This article, by K, mother of Rosie (not her real name) is a a message of hope for those coping with grief for a disabled child.
There's a kind of grief which you can never really get over completely, but you can learn to live with positively on a daily basis. It's the grief of having a disabled child. When our baby was just a few days old, we discovered that she had a medical problem – severe epilepsy – that was likely to lead to lifelong physical and mental disability.
The initial feelings were of shock and disbelief – this was the sort of thing that happened to other people, wasn’t it? At first, I found it very difficult to grieve – I was too tied up in the hospital procedures and diagnostic tests, trying to understand what was happening.
Then the fear set in – the fear that I wouldn’t be able to cope physically and, more worryingly, emotionally with caring for a profoundly disabled child. After that, the guilt – for resenting that my life would never again be my own, that Rosie would almost certainly never live independently.
We will always grieve for the child that might have been. We will never know what it is to have a simple conversation with her – she is non-verbal and, at the age of almost thirteen, has a cognitive level below that of a two-year-old.
I think that most people who find themselves in a situation like this will astonish themselves at how much positivity they can find. We were told Rosie might never walk – we researched physical therapy methods, invested a lot of time and effort, and we now have a young lady who can walk and even run, although her balance is not the best. She has been on outdoor activity holidays, and has canoed, tackled climbing walls and been potholing. She needs constant support throughout these activities, but she really loves them – how can I grieve when I see her so radiantly happy?
We never gave up hope of finding a specific diagnosis, even though the odds were stacked against us. It took ten years, and numerous blood tests, but we learned that Rosie has a rare genetic disorder affecting the transmission of messages between brain cells.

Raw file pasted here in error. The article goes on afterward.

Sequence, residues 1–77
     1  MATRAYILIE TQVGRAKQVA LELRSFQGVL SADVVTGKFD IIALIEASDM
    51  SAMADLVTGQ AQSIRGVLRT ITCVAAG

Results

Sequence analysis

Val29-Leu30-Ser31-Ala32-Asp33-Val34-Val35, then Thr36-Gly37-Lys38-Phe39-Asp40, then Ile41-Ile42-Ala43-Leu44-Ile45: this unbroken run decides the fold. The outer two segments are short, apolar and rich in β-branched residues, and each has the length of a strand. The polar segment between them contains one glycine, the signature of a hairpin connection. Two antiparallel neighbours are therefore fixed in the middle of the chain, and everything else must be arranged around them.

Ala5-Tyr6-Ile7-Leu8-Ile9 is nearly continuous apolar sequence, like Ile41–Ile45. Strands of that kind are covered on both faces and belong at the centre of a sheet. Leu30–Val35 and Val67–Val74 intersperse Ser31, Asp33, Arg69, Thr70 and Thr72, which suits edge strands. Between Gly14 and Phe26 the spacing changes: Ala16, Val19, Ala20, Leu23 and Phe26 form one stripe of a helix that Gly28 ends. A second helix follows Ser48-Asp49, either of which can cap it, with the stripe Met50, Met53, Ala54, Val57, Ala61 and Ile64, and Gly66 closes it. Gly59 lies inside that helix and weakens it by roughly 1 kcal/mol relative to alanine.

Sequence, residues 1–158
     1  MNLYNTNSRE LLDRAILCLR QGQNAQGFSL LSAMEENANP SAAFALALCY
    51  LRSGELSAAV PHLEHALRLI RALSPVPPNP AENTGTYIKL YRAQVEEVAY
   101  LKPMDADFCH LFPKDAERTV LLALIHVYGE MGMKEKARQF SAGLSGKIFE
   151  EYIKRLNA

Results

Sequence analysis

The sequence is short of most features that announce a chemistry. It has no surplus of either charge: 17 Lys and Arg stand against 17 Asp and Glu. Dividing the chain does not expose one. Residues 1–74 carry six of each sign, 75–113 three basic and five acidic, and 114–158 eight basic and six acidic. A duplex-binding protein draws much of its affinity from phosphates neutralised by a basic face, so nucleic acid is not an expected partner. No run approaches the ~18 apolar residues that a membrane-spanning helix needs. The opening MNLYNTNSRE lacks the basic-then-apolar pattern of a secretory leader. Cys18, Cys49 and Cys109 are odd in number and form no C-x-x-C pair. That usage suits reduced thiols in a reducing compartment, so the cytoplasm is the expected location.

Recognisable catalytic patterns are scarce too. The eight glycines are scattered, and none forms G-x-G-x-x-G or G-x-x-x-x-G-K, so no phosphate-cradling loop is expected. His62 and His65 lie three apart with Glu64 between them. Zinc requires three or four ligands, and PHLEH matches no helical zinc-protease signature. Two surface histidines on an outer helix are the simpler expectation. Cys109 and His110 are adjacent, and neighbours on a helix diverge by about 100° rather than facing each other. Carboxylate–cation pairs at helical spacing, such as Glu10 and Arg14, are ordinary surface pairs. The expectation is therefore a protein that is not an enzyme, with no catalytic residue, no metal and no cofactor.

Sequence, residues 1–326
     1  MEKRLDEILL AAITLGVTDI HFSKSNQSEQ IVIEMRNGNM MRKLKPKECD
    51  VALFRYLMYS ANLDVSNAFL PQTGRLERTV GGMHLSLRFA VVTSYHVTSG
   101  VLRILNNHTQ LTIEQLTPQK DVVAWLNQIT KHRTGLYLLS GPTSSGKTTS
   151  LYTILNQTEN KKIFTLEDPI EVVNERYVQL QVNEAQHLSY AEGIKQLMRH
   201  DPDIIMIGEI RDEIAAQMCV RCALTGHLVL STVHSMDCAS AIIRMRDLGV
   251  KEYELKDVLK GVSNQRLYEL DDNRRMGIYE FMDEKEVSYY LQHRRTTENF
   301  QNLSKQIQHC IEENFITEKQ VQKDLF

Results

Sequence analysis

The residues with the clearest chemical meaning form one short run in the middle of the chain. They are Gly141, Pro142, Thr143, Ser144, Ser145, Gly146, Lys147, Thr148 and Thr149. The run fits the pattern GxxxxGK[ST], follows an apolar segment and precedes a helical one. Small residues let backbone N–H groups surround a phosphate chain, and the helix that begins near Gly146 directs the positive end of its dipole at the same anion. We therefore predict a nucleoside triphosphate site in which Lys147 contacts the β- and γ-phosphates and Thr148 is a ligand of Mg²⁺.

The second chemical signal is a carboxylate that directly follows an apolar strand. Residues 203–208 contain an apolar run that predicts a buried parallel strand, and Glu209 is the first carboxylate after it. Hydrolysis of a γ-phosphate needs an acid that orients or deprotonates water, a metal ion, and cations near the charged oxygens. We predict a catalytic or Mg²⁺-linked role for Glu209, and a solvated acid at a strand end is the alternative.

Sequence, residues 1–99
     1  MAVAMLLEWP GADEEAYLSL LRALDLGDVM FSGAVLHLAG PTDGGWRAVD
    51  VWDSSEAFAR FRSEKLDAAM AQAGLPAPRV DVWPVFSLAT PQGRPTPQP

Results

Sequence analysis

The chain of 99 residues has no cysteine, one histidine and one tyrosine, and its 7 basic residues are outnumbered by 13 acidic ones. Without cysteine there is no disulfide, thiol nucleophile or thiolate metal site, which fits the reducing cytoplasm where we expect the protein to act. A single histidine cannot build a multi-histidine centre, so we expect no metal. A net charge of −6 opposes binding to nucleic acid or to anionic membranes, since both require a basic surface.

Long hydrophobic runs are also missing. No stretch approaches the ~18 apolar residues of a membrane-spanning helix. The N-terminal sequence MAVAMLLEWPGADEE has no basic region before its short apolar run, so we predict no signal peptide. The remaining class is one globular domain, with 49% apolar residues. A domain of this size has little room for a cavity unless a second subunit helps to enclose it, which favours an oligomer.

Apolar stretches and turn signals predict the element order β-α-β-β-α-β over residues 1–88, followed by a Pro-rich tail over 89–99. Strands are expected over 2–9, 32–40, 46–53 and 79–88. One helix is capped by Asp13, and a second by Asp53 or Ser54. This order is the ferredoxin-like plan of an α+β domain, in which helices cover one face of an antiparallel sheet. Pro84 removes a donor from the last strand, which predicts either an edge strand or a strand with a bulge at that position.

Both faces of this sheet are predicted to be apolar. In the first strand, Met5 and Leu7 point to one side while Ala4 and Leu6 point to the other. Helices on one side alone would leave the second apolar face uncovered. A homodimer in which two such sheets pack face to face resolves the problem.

The wonders of the internet led us to meet virtually, and even in person, other families with similarly affected children. The support, comradeship and sharing of advice which followed was tremendous, and is one of the greatest benefits of having a “label”. There is also now support for families of disabled children who don’t have a diagnosis, through an organization named SWAN – Syndrome without a Name.
The first two to three years were by far the hardest to deal with emotionally. I think it takes time to accept the version of “normality” which you come to recognize as your own. I held back my tears when I went to the postnatal classes and saw how all the other babies could raise their heads, but Rosie couldn’t. I smiled at the platitudes: “they all develop in their own time”.
The grief must have been present under the surface most of the time, but what I remember now, looking back after almost thirteen years, are specific incidents, such as:
It would be easy to become lost in a lifetime of grief, but what you learn to do is to see the positive in every little step of progress. Everything Rosie has learned to do has been much harder won for her than for an “ordinary” child, and I am immensely proud of her tenacity and joie de vivre.
I’d recommend that any parents of a disabled child read an article entitled “Welcome to Holland” by Emily Perl Kingsley, which can be found online. I’ve read it numerous times, and it never fails to move me to tears, because it describes so beautifully, with positivity, the process we all go through.
There's also a beautiful article which is a response called "Why I hate Welcome to Holland"
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